Some additional information in one line

Key takeaways

  • Accounts receivable (AR) is a vital component of a company's finances, representing money owed by customers.
  • AR is a current asset, contributing to a company's liquidity and financial health.
  • Understanding the distinction between assets, liabilities, and equity is necessary for effective financial management.
  • AR management can offer insights into sales trends, customer behavior, cash flow forecasting, and more
  • Offering discounts on AR balances can impact a company's financial position and cash flow.

The definition of accounts receivable (AR)

Accounts receivable are the money owed to a company by its customers for goods delivered or services rendered by a seller.

Imagine you're a small business owner who recently completed a project for a client. You've sent out the invoice, but the payment hasn't arrived in your bank account yet, marking the transaction.

The outstanding amount is money customers owe you for completed work, waiting to be collected as accounts receivable.

What are assets?

In business accounting, assets are what a company owns that can make money in the future.

These assets are typically categorized into two categories:

  1. Current assets, which are expected to be converted into cash or used up within one year

  2. And long-term assets, which provide benefits over an extended period.

Accounts receivable, which falls under current assets, signify the money owed to the company by its customers for goods delivered or services rendered.

So, while it's not cash in hand quite yet, a company's accounts receivable are still considered valuable assets because they represent income to be paid on a future date.

What are liabilities?

Liabilities are the obligations a company owes to external parties like suppliers, lenders, or creditors.

This is in direct contrast to assets.

Unlike assets — resources owned by the company — liabilities represent what the company owes to others, indicating financial obligations that must be fulfilled.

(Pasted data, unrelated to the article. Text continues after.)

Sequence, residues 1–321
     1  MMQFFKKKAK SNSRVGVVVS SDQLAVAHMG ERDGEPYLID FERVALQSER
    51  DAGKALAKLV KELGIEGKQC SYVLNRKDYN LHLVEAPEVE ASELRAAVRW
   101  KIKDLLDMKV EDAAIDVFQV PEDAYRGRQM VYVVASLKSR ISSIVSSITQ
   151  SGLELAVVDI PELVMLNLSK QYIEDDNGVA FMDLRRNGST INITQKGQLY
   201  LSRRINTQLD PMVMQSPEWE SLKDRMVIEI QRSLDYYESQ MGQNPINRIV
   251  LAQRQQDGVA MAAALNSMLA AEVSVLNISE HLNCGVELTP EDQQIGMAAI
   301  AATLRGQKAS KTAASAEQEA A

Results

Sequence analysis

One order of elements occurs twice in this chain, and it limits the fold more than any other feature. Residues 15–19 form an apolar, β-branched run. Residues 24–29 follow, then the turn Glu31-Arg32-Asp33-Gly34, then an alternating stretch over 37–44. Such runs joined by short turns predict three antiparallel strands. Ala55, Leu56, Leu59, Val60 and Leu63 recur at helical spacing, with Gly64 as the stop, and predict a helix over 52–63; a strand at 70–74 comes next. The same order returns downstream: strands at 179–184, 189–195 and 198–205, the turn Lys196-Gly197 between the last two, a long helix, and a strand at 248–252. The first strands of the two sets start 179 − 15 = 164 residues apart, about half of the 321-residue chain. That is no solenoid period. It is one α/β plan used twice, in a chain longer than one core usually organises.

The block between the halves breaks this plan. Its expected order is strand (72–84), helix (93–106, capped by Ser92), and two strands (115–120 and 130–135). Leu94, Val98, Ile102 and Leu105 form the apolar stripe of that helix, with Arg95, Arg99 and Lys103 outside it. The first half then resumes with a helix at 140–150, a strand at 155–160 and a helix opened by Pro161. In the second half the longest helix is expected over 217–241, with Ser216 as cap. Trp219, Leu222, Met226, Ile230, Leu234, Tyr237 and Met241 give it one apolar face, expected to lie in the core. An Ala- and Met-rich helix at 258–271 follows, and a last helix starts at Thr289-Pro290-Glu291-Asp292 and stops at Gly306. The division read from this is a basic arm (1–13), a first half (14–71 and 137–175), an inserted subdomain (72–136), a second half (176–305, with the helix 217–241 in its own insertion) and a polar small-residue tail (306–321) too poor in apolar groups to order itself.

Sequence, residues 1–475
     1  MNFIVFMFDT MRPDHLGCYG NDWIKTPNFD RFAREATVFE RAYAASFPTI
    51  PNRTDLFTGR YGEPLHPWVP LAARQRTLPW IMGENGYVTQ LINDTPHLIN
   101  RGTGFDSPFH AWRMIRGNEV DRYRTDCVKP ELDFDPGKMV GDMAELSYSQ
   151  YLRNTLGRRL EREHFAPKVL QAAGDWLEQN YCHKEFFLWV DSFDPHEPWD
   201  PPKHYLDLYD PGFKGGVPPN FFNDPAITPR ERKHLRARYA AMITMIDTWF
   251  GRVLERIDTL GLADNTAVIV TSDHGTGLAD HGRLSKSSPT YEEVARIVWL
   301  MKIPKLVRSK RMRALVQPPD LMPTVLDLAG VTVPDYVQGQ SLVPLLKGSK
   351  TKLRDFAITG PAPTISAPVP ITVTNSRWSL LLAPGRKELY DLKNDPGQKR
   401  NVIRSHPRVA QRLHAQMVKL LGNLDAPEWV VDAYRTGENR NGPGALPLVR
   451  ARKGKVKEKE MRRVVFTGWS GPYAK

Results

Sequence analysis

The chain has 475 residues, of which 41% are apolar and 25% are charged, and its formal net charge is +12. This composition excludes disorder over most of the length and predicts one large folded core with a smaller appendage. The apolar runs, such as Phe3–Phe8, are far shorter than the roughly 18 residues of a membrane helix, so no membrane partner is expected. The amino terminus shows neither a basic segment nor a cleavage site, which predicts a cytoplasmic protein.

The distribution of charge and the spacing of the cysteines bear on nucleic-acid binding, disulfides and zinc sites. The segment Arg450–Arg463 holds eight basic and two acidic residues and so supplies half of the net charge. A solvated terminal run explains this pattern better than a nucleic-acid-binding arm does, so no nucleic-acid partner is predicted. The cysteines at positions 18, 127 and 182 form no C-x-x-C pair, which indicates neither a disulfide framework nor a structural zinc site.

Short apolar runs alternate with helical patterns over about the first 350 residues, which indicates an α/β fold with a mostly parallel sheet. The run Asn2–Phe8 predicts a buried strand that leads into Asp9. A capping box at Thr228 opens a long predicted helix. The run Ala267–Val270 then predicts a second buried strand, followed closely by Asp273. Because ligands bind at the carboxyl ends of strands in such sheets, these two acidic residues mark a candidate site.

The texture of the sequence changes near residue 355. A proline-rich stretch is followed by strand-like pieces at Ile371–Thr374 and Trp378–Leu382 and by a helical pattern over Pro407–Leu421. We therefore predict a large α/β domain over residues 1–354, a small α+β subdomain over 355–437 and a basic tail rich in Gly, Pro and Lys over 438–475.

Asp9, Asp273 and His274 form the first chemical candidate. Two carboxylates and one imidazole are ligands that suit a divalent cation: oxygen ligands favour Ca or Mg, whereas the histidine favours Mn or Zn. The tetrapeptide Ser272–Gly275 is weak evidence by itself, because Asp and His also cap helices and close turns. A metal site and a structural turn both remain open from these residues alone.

Consider this scenario: a company takes out a loan to finance its operations. The loan amount is a liability because the company has to pay it back later. While assets hold value and can generate future income, liabilities are financial obligations that must be fulfilled. One means money coming in, the other money coming out.

Is accounts receivable an asset?

Absolutely. Accounts receivable is classified as a short-term current asset because it's expected to be converted into cash within one year — a relatively short period.

Regular monitoring of the receivable balance is essential for understanding the company's financial health and ensuring effective AR management.

Think about it this way: Every dollar sitting in your AR is money that you've already earned; it's just waiting to be collected.

From an accountant's point of view, this highlights how important accounts receivable are as a key asset that helps with the company's financial well-being, including its ability to collect on debts quickly — this improves AR turnover ratio.

In contrast, accounts payable is a liability.

Other examples of current assets are inventory, prepaid expenses, marketable securities, and short-term investments.

Further reading: Is AR a debit or credit?

Why is accounts receivable an asset?

Consider the impact of AR on a company's liquidity, working capital, and cash flow.

When your business consistently receives payments owed to it, this means you're getting regular income. This income can pay for your expenses, help your business grow, or keep operations running smoothly.

However, if you're not able to convert what customers owe you into cash, your business may face the risk of not being able to operate in the long run.

In accounting terms, accounts receivable is listed as an asset on a company's balance sheet. This shows its important role in maintaining the financial health of your business.

Is accounts receivable revenue?

No, accounts receivable is not income statement revenue.

Revenue is recognized when a sale is made or a service is provided — regardless of when the payment is received — as recorded in the income statement.

So, while AR represents money owed to you, it's not considered revenue until the payment is received.

How businesses benefit from AR: improving cash flow, providing business insights, reduces admin workload, assists in loan approvals, helps forecasting

How businesses benefit from accounts receivable